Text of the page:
Written by Eric Becker
There’s something inherently satisfying about a car with a genuine motorsports pedigree. Cars first slated to prove their mettle on the circuit feel a cut above their more common siblings. Often, the sanctioning body of a racing series enforces a rule that manufacturers must make their top-tier racing car available to the roadgoing public, a process termed “homologation.” Homologation has gifted the motoring world with some of the finest machinery in both road and track history. Among them is Chrysler’s fabled 426 HEMI, nicknamed the “Elephant” for its immense size and power. The engine’s mythos has long been synonymous with American horsepower and emblematic of Detroit Muscle.
Chrysler’s second-generation HEMI was bred specifically to bring Chrysler success in NASCAR. Chrysler’s then president, Lynn Townsend, understood the importance of the “Win on Sunday, Sell on Monday” intonation, and tasked Tom Hoover and a skunkworks team of engineers to put Mopar firmly in the victory lane. Development began in April 1963. Hoover, in his role as Racing Program Coordinator, surmised that the most efficient way to save cost and produce power was to use the 426ci (7.0-liter) RB variant of Chrysler’s B-Series big block. He then adapted the first-generation of Chrysler’s successful hemispherical-shaped combustion chamber to work with the RB’s already stout bottom end. In just over 10 months, Hoover and his team had done it. The A-864 engine roared to life on the dyno in December 1963, and Hoover justifiably earned the title as “Father of the HEMI.”
Debuting in 1964, Chrysler’s big-block 426 HEMI V8 entered the world as an unapologetic race engine, designed for the sole purpose of conquering the banks and ovals of Daytona and Talladega. And conquer it did. Four of the top five finishers sported Chrysler’s new HEMI, with a trio of Plymouth Belvederes sweeping the podium, led by the famed Richard Petty standing atop. Petty dominantly took the win by over a lap, and the 426 would propel him to nine victories and his maiden NASCAR championship.
The HEMI’s dominance during the 1964 season would draw the ire of NASCAR officials. The series would ultimately ban the Elephant, deeming it not a true production engine. NASCAR officials stipulated a homologation requirement for Chrysler’s HEMI engine to continue in the series. Chrysler, for its part, would have to forego production of a select few blueprinted HEMI engines, and manufacture the Elephant by the thousands for consumption by the general public.
The result was that the next NASCAR season (1965) began and ended without Chrysler on the track.
Fortunately, the engine’s development team had a vision and goal beyond NASCAR. The team optimized Elephant-powered cars for drag racing, where the 426 proved a sensation, dominating the 1964 Super Stock class with ultra-lightweight factory cars – available, by the way, for order at the showroom. Designated with the code A-864, the package was initially available for 1964 and could be had on either Plymouth and Dodge models. In ’65 the designation was changed to A-990, and was available for the Dodge Coronet and Plymouth Belvedere.
While produced in low volumes – 112 for the A-864, and just over 200 for the A-990 – the turnkey drag racers paved the way for the race-inspired public to get their hands on the Elephant. The blacktop was never quite the same. An April 1, 1965, confidential price bulletin warned, “This model is intended for use in supervised acceleration trials and is not intended for highway or general passenger car use.”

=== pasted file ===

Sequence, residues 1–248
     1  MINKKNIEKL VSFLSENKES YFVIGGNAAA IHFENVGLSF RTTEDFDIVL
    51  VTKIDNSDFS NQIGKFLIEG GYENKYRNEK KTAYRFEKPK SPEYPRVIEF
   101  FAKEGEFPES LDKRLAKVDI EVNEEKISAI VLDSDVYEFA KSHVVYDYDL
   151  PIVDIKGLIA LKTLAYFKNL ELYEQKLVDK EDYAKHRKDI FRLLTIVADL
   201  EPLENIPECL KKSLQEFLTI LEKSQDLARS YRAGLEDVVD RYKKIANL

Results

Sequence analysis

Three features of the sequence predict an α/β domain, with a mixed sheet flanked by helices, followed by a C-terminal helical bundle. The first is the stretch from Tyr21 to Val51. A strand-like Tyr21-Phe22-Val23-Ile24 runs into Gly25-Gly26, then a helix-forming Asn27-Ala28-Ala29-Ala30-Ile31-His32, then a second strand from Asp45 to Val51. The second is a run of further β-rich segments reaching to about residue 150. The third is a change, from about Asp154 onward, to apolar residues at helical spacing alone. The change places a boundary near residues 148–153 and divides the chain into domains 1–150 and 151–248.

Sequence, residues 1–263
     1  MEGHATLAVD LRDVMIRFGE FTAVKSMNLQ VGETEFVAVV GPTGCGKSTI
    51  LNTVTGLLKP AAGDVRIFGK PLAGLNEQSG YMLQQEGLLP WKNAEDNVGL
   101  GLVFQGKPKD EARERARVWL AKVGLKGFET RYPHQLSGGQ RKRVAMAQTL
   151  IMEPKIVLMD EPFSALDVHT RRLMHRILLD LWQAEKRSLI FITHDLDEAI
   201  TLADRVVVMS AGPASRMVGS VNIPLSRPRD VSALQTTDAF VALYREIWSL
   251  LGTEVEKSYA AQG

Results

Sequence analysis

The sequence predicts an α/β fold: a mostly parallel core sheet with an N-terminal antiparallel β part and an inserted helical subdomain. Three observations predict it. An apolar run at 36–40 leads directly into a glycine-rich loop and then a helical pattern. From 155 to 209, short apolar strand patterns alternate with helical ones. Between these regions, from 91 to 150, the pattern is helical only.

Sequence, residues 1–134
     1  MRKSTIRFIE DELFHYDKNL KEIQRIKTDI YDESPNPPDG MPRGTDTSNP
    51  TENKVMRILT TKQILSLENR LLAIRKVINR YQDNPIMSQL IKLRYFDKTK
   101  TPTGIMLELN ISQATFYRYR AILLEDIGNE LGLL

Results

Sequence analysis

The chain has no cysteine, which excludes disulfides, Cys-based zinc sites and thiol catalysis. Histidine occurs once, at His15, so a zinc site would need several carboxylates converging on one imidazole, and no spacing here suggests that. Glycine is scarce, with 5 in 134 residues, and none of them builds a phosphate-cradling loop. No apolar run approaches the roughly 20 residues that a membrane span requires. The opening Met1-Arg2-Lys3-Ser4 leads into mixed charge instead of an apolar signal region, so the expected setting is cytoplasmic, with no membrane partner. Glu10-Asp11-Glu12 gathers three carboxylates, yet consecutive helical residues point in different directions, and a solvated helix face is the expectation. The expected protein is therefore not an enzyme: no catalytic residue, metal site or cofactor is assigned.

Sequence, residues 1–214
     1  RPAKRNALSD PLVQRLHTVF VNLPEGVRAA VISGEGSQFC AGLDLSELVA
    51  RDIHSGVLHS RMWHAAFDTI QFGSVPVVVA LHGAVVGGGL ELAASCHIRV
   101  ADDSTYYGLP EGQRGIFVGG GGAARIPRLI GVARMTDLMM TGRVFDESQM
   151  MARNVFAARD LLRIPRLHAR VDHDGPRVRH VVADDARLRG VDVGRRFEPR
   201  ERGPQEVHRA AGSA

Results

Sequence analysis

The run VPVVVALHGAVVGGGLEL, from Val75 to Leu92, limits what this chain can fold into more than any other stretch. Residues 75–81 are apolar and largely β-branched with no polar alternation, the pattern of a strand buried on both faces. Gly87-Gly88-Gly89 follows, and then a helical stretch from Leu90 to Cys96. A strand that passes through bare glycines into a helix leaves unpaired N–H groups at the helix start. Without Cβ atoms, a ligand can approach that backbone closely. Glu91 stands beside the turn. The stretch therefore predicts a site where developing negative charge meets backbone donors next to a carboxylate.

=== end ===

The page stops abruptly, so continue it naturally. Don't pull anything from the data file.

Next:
For the next model year in 1966, Chrysler responded by offering a slightly tuned-down version of the 426 HEMI, known as the Street HEMI. The engine sported a milder camshaft and lower compression ratio for a more forgiving on-road stop-and-go performance. The Street HEMI was outfitted with a dual four-barrel carburetor mounted on an aluminum dual-plane intake manifold. The engine’s advertised horsepower and torque were 425hp and 490 ft/lbs, though most considered the actual horsepower output closer to the 500 number. With the 426 now appearing as an option in Plymouth Belvedere, Dodge Coronet and Charger series, the Elephant returned to NASCAR competition. Yet perhaps more importantly, the rules of homologation begat the true beginning of the muscle car era.
Another by-product of homologation was Chrysler’s Super Stock competition package. Tailored to the regulations of the National Hot Rod Association class of the same name, was available for both Dodges and Plymouths in 1967. At least 50 cars had to be built to meet series homologation requirements, so around 55 Plymouth Belvedere IIs (RO23) and 50 Dodge Coronets (WO23) were duly manufactured (the true number actually may have been less). The RO23 and WO23 cars were the end of an era – the final purpose-built Super Stockers to come directly from a Chrysler production line.
Because Dodge and Plymouth wanted to own the Super Stock drag racing class for the 1968 season, Chrysler subcontracted with Hurst Performance. These new cars were so radical they could not be built on a Chrysler production assembly line. Hurst would take partially assembled big-block A-bodies and install high-compression 426 HEMI engines, lightweight body panels and stripped-down interiors – resulting in what was known as the LO23 Dodge Darts and BO29 Plymouth Barracudas. These Super Stock models are among the most important cars in Chrysler’s legendary performance programs; some of the 1968 Super Stocks still hold drag racing records in the stock class.